The result of these reporting requirements is that NMVTIS collects the most extensive vehicle history attached to each Vehicle Identification Number (VIN).
NMVTIS vs. Carfax: Why NMVTIS is better
Carfax is popular, but it’s not the optimal source of title information. People and businesses voluntarily report to Carfax, and the company sometimes purchases information. There’s no way to guarantee that a Carfax report is correct or thorough, and the company even discloses that a “Carfax Report may not include every event in a vehicle’s history.” It might not identify salvage, junk, flood or rebuilt titles that are relevant to you.
Federal law requires states and various businesses to report vehicle information to NMVTIS, which creates an in-depth paper trail about a car’s history. The federal government enforces this policy by fining businesses that fail to report required information to NMVTIS. If a vehicle was badly damaged, given a salvage title and sold to a junkyard or recycler, NMVTIS should know about it.
As of 2017, 43 states and 96 percent of departments of motor vehicles in the US were part of the system, and 5 states were developing the capability to participate, according to NMVTIS.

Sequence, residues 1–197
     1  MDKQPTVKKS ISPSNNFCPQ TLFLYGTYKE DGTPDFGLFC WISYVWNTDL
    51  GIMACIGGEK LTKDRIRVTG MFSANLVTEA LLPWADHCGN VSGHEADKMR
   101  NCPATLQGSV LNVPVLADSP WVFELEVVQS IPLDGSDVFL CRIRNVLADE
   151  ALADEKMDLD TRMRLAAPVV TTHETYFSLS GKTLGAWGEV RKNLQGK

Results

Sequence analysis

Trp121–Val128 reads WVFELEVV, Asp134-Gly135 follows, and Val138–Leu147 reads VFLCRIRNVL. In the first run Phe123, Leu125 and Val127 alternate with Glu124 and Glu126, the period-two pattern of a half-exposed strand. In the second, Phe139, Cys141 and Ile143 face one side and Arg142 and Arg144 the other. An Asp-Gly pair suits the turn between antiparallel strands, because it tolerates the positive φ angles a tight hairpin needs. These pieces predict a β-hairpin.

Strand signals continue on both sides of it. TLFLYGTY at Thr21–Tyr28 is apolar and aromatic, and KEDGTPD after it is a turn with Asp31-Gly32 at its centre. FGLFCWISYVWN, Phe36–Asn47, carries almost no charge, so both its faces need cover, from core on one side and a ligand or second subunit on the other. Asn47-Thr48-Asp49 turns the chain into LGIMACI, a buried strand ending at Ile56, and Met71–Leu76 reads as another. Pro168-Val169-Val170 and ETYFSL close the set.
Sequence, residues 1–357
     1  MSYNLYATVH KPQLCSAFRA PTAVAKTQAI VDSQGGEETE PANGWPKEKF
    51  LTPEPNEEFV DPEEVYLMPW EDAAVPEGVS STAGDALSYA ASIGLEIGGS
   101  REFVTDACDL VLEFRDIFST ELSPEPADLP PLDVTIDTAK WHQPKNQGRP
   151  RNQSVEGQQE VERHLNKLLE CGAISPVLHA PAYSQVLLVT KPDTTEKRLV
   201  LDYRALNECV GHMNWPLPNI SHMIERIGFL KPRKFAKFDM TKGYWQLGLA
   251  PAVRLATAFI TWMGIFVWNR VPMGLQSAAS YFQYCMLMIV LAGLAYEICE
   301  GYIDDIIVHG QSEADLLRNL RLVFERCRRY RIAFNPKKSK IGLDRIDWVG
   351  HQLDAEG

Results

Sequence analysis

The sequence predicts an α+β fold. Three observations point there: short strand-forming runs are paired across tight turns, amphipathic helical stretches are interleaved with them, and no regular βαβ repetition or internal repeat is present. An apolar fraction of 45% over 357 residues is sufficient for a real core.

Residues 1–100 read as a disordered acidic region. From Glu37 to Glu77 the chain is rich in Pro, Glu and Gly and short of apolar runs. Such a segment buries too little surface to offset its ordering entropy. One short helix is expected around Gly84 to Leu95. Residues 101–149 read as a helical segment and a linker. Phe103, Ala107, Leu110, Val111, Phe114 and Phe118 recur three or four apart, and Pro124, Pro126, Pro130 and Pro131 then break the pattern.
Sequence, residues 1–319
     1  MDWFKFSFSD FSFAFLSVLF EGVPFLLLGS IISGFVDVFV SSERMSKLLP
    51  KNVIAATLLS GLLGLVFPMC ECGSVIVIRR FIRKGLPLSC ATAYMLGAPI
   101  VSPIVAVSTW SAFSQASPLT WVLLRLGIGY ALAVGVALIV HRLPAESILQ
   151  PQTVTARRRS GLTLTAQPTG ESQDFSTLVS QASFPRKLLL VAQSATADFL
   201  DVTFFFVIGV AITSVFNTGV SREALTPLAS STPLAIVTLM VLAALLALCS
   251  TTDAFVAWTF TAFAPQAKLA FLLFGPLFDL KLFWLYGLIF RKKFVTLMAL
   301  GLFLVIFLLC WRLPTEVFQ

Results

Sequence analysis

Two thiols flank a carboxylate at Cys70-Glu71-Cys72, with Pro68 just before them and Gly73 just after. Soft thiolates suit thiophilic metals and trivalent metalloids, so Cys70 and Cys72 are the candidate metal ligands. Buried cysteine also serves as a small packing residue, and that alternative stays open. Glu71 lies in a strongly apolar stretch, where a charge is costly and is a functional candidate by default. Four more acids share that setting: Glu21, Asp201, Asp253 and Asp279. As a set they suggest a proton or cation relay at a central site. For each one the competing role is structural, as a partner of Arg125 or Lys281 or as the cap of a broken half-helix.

Vehicle title search by Vehicle Identification Number (VIN)
When consumers ask you to underwrite a used vehicle, the best practice is to investigate the vehicle’s history, verify the vehicle’s clear title and become aware of any past damage to avoid fraud. The most efficient way to confirm the vehicle’s current title and discover any discrepancies in the vehicle’s history is to use a service to check the vehicle’s title status by its VIN. An NMVTIS report offers the most rigorous report, which Wolter Kluwer provides through its Motor Vehicle Solutions.
An NMVTIS report based on a VIN includes five types of information:
- The current state of the vehicle’s title and the last title date
- A history of title brands, including salvage, junk, flood or rebuilt titles given in any state
- Whether an insurer has ever deemed the vehicle a total loss
- A vehicle’s salvage history